Now bump this up to a F350 DRW with all specs same and here are the numbers:
GVWR 12,600
GCWR 23,500
Max Tow 15,700
Max Pay Load 5,720 (Approx.)

Result is that the GCWR is now exceeded by 4,425. The tow rating is still just adequate but now the payload can handle people, a realistic Pin weight and still have spare for the hitch and other cargo.

Not to dispair though. The F350 with the 4.30 RAR with the optional Tow Boss package has a GCWR of 26,000 and a Max Tow of 18,200. Ignoring a small drop in payload to about 5,300 we should be good to go, right..........wrong the GCWR is still 2,125 over.

If I want to go by the numbers the smallest Ford that will almost meet my needs is a F450 DRW with the 4.30 RAR. GCWR is 29,000, Max Tow 20,500 and payload is 6,120. However this behemoth weighs in at 14,500 giving a combined weight of 29,825 or still 825 over the max. This for a truck that retails with taxes, base model, for 60k(C)

BTW a 4X4 reduces both payload and tow capacity due to its extra components weights.

I am getting near the end of this voyage of discovery realizing that what I need is some words of wisdom from people with comparable sized rigs. To me, at his point, it all comes down to:

Does your TV pull your rig comfortably up hills and at highway speeds?
Can you stop within a safe distance?
Is your TV level and not being "Steered" by the trailer?







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Old 09-30-2007, 03:19 PM   #12
richfaa
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Hummm. The truck in my signature..from the door sticker GVWR 13K.From the Ford spec' sheet.GCWR 23,500..We are far under that
5th wheel tow rating//15,200K (DRW 4X4)..we are well under that. cargo capacity 4268 (from the door plate)...06 3400GVWR 14K X 20%=2800lbs..pin weight, We know the truck weighs 8710 with full fuel and hitch ..Add two folks and 1 bird @ 300lbs..add assorted camping stuff in bed 150lbs, add pin weight 2800lbs? =11960..make it a even 12K and we are under everything...I think..

Have not pulled any really steep hills yet.
I have no idea what a "safe distance" is with the 3400 anchor behind me. I am told it is 4 times the stopping distance of the truck alone but I have no idea what that is.
We are level..for sure..
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Old 09-30-2007, 03:26 PM   #13
randye
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Mac I have a 3485SA, while I don't know how much cargo weight we have. I pull it with a Dodge 1 ton, with the 6.7 diesel tow haul and exhust brake. I've only pulled it once, from Grants pass oregon to Olympic Wa. about 400 miles I found it to pull and stop fine. We will be leaving here in about a week or so for Coos Bay Oregon, I let you know how it does. Randye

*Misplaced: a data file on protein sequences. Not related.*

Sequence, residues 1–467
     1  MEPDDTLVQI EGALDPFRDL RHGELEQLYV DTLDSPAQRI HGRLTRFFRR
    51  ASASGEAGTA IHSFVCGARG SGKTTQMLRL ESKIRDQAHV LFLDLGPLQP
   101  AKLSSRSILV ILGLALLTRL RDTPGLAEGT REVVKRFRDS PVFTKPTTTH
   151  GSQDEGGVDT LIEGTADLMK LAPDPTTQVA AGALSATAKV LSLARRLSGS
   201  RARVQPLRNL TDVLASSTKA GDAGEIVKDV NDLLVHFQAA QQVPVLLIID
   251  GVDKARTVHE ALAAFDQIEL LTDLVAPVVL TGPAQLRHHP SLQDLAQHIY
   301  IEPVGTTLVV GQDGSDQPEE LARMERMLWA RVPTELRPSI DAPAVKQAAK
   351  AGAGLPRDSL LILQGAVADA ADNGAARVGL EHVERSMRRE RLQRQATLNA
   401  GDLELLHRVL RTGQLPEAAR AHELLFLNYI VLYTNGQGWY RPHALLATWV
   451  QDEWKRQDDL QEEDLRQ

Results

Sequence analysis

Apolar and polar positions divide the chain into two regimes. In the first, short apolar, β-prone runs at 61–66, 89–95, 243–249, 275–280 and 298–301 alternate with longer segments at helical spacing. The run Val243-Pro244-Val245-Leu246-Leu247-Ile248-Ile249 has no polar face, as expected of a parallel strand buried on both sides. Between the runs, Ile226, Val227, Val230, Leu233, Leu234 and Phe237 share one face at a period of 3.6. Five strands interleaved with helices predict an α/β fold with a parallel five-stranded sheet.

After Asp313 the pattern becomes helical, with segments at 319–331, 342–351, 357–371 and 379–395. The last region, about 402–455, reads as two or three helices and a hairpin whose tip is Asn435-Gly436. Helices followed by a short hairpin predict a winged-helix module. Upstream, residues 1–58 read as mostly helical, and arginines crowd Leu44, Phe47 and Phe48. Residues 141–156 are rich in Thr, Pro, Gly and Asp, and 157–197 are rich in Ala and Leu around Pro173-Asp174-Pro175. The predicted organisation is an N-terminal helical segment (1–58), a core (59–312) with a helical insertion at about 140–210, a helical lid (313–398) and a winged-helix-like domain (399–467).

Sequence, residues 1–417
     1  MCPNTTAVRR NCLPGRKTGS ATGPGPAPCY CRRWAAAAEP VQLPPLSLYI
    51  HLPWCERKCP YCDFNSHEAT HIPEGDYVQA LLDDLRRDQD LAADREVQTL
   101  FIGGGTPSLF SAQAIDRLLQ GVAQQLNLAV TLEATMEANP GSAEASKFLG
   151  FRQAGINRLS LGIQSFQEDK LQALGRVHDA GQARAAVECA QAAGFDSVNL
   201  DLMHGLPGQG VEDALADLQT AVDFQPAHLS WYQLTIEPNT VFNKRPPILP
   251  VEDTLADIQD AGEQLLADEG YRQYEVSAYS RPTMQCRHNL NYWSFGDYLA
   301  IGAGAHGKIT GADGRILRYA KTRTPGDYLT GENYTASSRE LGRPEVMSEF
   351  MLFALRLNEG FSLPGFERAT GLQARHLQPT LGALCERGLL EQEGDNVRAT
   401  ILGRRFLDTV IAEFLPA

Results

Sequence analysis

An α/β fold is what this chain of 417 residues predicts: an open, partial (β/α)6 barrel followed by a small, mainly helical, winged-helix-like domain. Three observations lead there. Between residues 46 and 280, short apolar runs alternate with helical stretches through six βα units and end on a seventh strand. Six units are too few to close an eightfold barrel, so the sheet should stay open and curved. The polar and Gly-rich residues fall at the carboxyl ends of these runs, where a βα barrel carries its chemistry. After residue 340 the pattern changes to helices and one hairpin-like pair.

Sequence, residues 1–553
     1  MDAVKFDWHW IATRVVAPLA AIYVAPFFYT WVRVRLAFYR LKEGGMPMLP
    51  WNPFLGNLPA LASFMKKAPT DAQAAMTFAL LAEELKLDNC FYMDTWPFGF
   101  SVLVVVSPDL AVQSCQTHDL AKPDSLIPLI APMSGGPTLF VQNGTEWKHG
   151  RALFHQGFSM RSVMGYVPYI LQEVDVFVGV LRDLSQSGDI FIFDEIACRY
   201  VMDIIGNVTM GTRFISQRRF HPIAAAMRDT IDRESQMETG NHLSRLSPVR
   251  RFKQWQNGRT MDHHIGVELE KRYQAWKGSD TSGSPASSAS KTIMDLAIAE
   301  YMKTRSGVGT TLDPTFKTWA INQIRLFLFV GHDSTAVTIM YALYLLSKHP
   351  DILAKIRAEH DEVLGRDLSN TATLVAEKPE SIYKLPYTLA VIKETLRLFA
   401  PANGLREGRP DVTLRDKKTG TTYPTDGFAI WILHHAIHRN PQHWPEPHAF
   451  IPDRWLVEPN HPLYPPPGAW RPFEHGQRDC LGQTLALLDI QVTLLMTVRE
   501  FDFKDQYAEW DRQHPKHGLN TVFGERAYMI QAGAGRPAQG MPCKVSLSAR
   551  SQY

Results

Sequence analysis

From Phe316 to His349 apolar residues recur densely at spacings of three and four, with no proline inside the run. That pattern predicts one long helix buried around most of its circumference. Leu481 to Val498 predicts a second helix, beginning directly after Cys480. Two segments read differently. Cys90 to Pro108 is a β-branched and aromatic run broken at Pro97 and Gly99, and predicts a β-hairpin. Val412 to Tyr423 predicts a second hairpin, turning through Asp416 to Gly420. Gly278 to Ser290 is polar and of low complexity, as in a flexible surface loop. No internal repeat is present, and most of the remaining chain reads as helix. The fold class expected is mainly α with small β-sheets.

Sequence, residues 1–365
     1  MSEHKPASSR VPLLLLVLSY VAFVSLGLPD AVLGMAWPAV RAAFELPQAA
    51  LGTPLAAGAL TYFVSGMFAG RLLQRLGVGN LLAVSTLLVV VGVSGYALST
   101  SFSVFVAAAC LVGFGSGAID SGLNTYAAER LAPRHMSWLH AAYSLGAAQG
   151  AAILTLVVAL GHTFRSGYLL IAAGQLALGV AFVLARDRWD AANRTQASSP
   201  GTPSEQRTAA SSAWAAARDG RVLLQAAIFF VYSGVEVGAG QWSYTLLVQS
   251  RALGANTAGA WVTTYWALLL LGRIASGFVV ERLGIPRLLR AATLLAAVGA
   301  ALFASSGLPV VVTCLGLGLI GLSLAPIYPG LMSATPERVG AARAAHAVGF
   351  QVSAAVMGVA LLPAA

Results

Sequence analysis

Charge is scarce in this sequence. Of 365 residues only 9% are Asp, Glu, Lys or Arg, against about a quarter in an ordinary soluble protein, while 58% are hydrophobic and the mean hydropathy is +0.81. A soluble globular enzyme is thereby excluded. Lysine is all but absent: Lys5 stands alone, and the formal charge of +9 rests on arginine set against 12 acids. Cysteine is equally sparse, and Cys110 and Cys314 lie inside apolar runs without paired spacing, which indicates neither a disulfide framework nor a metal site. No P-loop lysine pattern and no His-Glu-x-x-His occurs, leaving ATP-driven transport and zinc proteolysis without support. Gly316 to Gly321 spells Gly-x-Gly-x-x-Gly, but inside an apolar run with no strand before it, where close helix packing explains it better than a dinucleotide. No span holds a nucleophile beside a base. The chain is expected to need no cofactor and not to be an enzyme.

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Old 09-30-2007, 06:16 PM   #14
BigAl52
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I had a 2980 before this 3485 which had more pin weight on the truck than this 3485 does. I have pulled both loaded and there is no way that the 3485 has more pin weight on the truck than the 2980 does as I have seen it for myself. Crunch your numbers and drive your duallys I have pulled both loaded and know what they are like. Al
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Old 10-01-2007, 12:01 PM   #15
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Quote:
quote:Originally posted by MacDR50


Does your TV pull your rig comfortably up hills and at highway speeds?
Can you stop within a safe distance?
Is your TV level and not being "Steered" by the trailer?

1. Any diesel will pull any Montana.
2. The TV will stop the TV and the Montana will stop the Montana, barring an emergency.
3. Being level is irrelevant, other than blinding the oncoming drivers at night.

The key numbers, as noted before, are pin weight and truck cargo capacity. The best place to get the capacity is off the Tire and Loading sticker on the rear door post. IMHO, I would NOT use the internet, a brochure or what a sales person tells you...none are accurate.

On edit, I'd double check that payload of 5720, seems very high.
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Old 10-01-2007, 12:47 PM   #16
Waynem